Pistol: Punk rock beginnings

image
https://www.imdb.com/title/tt13823494/

When I read about this mini-series I got excited and had to connect to the Disney+ in an instant. By coincidence or not, they are releasing lots of TV shows or movies based in rock bands' biography in the last couple of years. That is awesome.
During my teens, I started to hear more punk rock, and of course, Sex Pistols were on my set list. They weren't playing anymore but still, every punk rocker knows about them and also who was Sid Vicious. It is incredible to know how this guy wasn't the best musician in the band and even the most important person in the band, but still after his death, a punk symbol. When I was more into the punk rock movement, I read some critics behind this band saying that the band was commercial, that it was just a symbol mostly created by a man called Malcolm McLaren. But still, I didn't go deeper about it. And now after 20 years of that, Disney+ released in their streaming service this 6 episode mini-series.

This mini-series is based on a biography released by the guitarist Steve Jones. He was a guy with a terrible childhood with a dream to have a rock band. He gathered people and instruments ( that he stole), but like the mini-series empathized, terrible at making decisions, maybe because he never had a good father figure, that could lead him and help him to make his own decisions. He needed someone to make the decisions to his band, and he found someone. Malcolm Mclaren was an ideological guy that wanted to do a music revolution to defy the system in Great Britain. Malcolm had some managing experience previously with the New York Dolls, a band that is also associated with the punk rock beginnings.
In general, a band has a leader, a musician within the band that makes the most important decisions, but in this case, the leader was a puppet from the manager. So Malcolm was behind from all the drastic changes in the band! The first big change was to dismiss the guitarist to fit John Lydon (most known as John Rotten) as a vocalist. But then, Steven had to move to the guitars, even without knowing how to play the guitar. So he learned at first just to play 2 accords, which was already enough for a punk rock music. Another big change came later, to dismiss the bass player Glen Matlock, the most technical musician in the band, because he didn't fit well as a punk image. In addition, John wanted his friend Sid Vicious in the band. Sid a real problematic boy ,that used drugs and was in the middle of fights constantly. In addition, as mentioned he had never played bass before.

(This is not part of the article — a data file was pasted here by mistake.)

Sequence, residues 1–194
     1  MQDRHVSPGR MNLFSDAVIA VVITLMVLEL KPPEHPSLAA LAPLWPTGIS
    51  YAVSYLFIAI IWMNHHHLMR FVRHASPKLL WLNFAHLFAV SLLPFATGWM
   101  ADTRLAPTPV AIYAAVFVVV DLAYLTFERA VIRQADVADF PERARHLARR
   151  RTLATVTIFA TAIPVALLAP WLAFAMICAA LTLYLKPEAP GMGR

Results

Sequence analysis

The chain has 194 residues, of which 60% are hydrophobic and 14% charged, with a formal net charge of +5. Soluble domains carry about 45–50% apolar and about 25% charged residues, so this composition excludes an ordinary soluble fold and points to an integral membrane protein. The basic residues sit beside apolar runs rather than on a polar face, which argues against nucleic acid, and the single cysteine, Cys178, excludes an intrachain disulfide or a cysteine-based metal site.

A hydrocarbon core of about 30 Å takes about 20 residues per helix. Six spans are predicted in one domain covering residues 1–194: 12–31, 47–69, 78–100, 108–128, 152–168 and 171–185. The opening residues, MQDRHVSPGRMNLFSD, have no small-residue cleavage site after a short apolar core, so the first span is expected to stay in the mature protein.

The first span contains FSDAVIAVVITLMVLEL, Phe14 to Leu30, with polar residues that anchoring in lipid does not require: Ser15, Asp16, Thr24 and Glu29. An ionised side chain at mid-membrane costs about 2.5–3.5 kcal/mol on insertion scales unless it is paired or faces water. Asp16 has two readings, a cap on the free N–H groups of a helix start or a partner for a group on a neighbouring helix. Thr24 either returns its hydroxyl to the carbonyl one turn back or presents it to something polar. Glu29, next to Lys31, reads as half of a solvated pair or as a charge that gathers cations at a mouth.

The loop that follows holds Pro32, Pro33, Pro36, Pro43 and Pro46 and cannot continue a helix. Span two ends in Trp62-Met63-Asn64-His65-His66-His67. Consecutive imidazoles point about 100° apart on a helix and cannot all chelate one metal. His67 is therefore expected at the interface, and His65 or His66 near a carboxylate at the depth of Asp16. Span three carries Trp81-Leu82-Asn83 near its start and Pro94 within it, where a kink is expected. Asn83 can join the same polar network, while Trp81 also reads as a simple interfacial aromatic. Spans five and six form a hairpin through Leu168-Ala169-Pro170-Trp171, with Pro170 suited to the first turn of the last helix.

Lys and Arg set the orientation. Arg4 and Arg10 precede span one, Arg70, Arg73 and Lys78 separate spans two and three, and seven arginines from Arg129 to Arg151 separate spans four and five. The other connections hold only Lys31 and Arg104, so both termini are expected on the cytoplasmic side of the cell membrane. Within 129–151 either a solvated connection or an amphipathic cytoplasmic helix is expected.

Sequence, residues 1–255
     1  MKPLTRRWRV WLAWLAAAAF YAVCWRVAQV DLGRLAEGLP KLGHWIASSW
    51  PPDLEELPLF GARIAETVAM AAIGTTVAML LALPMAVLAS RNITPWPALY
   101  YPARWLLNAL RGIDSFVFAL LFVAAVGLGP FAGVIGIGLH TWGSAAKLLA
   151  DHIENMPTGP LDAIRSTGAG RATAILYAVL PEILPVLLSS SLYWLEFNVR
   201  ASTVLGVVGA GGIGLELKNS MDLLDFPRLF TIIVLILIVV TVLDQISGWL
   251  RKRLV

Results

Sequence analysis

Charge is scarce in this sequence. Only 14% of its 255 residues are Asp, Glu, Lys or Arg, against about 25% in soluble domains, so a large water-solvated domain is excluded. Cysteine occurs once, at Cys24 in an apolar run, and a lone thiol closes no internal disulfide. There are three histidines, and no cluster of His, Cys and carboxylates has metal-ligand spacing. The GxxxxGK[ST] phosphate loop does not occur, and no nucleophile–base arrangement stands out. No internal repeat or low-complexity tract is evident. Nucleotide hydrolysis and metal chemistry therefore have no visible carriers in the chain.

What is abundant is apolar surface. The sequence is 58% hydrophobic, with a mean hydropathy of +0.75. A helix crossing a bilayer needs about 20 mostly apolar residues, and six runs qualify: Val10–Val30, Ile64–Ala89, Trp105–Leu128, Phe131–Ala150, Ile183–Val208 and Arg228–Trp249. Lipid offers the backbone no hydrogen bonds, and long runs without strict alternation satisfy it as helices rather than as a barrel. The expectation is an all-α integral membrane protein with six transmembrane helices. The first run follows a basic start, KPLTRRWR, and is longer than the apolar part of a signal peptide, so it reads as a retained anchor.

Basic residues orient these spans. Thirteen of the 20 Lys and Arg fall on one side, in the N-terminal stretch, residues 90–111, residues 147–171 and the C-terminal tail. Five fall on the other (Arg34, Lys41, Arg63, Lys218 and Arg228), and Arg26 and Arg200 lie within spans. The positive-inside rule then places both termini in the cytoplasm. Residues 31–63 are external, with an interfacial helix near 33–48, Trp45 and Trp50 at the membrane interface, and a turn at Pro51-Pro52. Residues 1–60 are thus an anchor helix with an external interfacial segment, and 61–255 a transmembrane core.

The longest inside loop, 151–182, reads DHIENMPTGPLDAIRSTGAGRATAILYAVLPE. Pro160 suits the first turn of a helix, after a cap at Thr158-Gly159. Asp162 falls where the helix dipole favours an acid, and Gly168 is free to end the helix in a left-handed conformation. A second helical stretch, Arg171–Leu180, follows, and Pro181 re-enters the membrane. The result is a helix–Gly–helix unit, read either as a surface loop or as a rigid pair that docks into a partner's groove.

So the third big decision that Malcolm was behind, was to dismiss John Rotten, because he wanted to Sex Pistols to become independent from the manager. All these decisions made the band have a start and an end. The band ended with only 1 album released which still brought lots of punk classics such as "Anarchy in the UK", "God Save the Queen" and " Pretty Vacant".

image
https://www.vanityfair.com/hollywood/2022/05/danny-boyle-sex-pistols-show-hulu-fact-fiction

One thing that amazed me in the series is how the actor that plays John Rotten, Anson Boon, mimed the real singer so well. The attitudes and the way he almost came from a mental hospital. The directors chose very well the actors, all young like the musicians at the time, including the manager Malcolm Mclaren. These young actors were already seem somewhere! The most famous probably is Maisie Williams, from Game of Thrones, but she is a secondary character that doesn't interact much with the singers. Sid Vicious actor, Louis Partridge, was in Netflix's Enola Jones as an almost romantic par with Enola in the movie.

I guess that the mini-series could show very well how Sex Pistols changed the UK, the behaviors and music mostly. And also how the past of these kids caused so much trouble to them even after becoming famous. The most drastic consequence is the death of Sid Vicious by heroin overdose.

Thanks for reading, here is the trailer of the mini-series:

image
image

H2
H3
H4
3 columns
2 columns
1 column
13 Comments